reservoirs:

QC TC

(Eq. 5.7)

QH rev TH

cycle

Kelvin Temperature Scale

►In words, Eq. 5.7 states: When cycles are reversible,

and only then, the ratio of the heat transfers equals a

ratio of temperatures on the Kelvin scale, where TH is

the temperature of the hot reservoir and TC is the

temperature of the hot reservoir.

►As temperatures on the Rankine scale differ from

Kelvin temperatures only by the factor 1.8:

T(oR)=1.8T(K), the T’s in Eq. 5.7 may be on either

scale of temperature. Equation 5.7 is not valid for

temperatures in oC or oF, for these do not differ from

Kelvin temperatures by only a factor:

T(oC) = T(K) – 273.15

T(oF) = T(R) – 459.67

Maximum Performance Measures for Cycles

Operating between Two Thermal Reservoirs

Previous deductions from the Kelvin-Planck statement of the

second law include:

1. The thermal efficiency of an irreversible power cycle is

always less than the thermal efficiency of a reversible power

cycle when each operates between the same two thermal

reservoirs.

2. The coefficient of performance of an irreversible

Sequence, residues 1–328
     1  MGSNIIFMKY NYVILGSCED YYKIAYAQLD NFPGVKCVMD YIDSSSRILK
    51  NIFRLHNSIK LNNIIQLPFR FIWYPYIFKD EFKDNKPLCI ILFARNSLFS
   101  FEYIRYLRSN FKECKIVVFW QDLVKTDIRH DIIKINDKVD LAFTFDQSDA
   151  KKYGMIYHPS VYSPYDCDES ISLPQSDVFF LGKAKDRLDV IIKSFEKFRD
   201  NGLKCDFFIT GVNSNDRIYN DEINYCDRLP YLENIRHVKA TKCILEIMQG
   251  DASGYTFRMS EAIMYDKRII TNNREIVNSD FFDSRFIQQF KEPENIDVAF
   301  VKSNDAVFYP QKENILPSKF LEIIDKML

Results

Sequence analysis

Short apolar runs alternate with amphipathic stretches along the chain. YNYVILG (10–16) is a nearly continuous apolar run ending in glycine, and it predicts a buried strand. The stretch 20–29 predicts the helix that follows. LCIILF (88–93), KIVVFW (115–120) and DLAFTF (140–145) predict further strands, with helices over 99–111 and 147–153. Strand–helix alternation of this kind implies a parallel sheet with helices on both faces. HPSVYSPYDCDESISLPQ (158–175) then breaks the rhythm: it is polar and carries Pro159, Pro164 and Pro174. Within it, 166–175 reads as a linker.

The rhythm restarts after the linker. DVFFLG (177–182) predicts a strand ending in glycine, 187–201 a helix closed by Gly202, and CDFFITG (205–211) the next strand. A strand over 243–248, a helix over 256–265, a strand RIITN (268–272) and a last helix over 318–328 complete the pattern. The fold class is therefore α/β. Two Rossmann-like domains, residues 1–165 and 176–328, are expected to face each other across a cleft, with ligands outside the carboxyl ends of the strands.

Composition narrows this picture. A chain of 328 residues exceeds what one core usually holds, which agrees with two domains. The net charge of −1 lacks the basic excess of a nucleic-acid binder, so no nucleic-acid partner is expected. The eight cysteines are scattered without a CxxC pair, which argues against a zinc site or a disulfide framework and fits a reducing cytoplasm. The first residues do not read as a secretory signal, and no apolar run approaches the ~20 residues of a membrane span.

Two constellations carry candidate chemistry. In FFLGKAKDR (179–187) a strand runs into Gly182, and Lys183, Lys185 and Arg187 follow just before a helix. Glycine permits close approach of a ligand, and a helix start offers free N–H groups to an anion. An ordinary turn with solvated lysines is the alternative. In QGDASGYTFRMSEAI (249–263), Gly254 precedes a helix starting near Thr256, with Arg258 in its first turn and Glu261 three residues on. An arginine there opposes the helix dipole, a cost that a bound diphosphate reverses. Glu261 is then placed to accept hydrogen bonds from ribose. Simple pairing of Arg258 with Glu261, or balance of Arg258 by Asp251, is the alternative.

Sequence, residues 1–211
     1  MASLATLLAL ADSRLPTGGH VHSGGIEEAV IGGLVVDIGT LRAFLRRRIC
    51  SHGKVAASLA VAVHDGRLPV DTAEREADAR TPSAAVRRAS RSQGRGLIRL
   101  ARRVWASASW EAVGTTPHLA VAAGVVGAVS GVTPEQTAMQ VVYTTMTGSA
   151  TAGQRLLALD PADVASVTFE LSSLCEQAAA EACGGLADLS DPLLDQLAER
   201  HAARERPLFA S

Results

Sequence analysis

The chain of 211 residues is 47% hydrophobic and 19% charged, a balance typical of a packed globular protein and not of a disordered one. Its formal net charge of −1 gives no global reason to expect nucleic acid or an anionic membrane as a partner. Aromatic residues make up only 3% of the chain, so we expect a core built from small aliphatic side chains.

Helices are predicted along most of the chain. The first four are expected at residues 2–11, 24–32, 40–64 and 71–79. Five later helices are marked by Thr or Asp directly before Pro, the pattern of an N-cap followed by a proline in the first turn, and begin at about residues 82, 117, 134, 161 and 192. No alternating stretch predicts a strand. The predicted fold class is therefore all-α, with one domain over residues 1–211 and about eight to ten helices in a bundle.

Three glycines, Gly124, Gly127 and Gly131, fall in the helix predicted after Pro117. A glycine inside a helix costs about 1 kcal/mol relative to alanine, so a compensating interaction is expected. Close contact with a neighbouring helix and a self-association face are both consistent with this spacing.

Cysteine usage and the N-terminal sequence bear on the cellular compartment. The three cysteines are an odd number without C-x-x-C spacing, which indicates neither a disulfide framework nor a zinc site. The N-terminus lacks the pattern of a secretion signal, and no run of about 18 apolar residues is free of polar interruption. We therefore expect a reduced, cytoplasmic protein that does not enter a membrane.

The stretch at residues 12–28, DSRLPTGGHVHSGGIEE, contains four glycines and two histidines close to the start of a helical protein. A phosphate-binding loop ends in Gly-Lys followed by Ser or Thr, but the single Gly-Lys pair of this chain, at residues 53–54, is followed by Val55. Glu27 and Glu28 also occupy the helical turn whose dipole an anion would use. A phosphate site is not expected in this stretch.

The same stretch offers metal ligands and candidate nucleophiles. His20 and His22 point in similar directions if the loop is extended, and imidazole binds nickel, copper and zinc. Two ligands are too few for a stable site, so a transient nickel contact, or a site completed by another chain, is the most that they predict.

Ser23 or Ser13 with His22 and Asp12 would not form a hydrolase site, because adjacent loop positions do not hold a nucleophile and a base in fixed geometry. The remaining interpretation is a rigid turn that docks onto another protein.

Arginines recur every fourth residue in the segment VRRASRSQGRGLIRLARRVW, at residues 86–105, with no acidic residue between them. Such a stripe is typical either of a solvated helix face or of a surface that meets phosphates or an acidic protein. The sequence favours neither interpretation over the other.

refrigeration cycle is always less than the coefficient of

performance of a reversible refrigeration cycle when each

operates between the same two thermal reservoirs.

3. The coefficient of performance of an irreversible heat pump

cycle is always less than the coefficient of performance of a

reversible heat pump cycle when each operates between the

same two thermal reservoirs.

Maximum Performance Measures for Cycles

Operating between Two Thermal Reservoirs

It follows that the maximum theoretical thermal efficiency and

coefficients of performance in these cases are achieved only

by reversible cycles. Using Eq. 5.7 in Eqs. 5.4, 5.5, and 5.6,

we get respectively:

TC

Power Cycle: max 1 (Eq. 5.9)

TH

TC

Refrigeration Cycle: max (Eq. 5.10)

TH TC

TH

Heat Pump Cycle: max (Eq. 5.11)